Another thing to keep an eye on are popular search queries. What are people looking up today? And do these search trends relate to your business somehow?

Google, the most used search engine in the world, has made it easy for you to be in full control, with its Trends website. This user-friendly dashboard lets you tap into Google’s search reports, by country and by category, giving you an overview of what people are crawling the web for. It even has a feature that will let you run a customizable, realtime search trends wall. Put it on a second screen in the background at the office, so you and your co-workers will never miss the latest search trends.

News media

Last but not least, stay in the loop of what traditional news outlets, like newspapers and TV stations, are broadcasting.

When the media decides to run a story on you, or something related to your business, the item will rapidly reach a large audience. Thus, depending on the contents of the media coverage, you will either greatly benefit from the free publicity or have a PR crisis on your hands.

In case of a PR crisis, you probably want to get ahead of the story and fix the narrative. Don’t make any rash decisions, though. Before you get involved publicly, you should first get a full picture of the situation. Locate the root cause, closely monitor how the story unfolds minute by minute, assess what the impact is to your business, and carefully consider the different scenarios available to you, with all its pros and cons. Calm and collected.

It doesn’t hurt to scan the other headlines in the media as well, the ones that are unrelated to your business. After all, these are the main stories everyone is thinking and talking about at the moment – stories that might also be top of mind for your customers. When you pay no attention to what else is going on in the world, you risk your carefully planned publications and events to be overshadowed by the big news, or even to be inappropriate.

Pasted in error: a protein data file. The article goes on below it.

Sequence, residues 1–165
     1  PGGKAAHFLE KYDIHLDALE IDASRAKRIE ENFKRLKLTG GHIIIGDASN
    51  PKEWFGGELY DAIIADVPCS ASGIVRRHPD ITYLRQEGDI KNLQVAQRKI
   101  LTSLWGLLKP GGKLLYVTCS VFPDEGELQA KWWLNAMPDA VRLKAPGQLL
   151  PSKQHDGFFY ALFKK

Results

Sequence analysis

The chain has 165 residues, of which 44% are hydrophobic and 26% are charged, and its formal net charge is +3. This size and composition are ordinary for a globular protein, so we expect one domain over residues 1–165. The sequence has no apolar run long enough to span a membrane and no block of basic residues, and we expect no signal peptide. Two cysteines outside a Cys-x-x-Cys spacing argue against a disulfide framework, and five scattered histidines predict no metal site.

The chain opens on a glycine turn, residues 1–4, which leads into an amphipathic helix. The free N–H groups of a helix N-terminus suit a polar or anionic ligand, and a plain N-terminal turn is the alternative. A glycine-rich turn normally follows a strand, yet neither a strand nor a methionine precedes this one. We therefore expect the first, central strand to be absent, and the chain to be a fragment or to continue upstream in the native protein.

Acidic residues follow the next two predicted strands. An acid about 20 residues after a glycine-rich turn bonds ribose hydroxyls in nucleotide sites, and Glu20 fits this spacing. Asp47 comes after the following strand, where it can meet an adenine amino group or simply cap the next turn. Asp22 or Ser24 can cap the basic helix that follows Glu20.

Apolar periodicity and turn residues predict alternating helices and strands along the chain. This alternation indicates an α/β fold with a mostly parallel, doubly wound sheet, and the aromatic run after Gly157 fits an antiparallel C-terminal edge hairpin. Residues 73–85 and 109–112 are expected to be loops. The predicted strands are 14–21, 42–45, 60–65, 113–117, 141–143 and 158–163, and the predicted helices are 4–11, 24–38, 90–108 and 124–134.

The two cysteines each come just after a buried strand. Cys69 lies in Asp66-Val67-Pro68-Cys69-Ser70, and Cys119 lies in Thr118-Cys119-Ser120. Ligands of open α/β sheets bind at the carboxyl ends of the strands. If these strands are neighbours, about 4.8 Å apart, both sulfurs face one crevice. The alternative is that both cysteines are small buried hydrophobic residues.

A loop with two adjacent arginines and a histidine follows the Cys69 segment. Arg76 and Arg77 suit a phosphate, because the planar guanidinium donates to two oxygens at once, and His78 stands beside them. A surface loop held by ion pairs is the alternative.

Apply what you’ve learned

So far, you have monitored the world around you: what is currently on people’s radar? Does a story spin out of control or is it contained? Is the exposure in your favor or not? Up to this point, you haven’t acted on it yet, and that’s clever. Be well-informed and well-prepared first. It will greatly benefit the public conversation when you listen before you engage.

There comes a time to act, though, based on what you have observed, like responding to bad press or joining the conversation about a rising trend. In your approach, be sure to show people that you have done your homework, and that it is undeniably clear that you are aware of their concerns or understand their excitement.

You are not one of those companies that blindly ride the wave of popular hashtags and other opportunities to quickly reach a large audience, with the monthly turnover target in mind. You want your company’s contribution to be credible and have a long-lasting effect. Closely listening to what customers are saying to you and each other, makes it easier – and also a more satisfying experience – for you to build a vibrant community and to get better at content marketing. Read more about those topics in a different section of this website.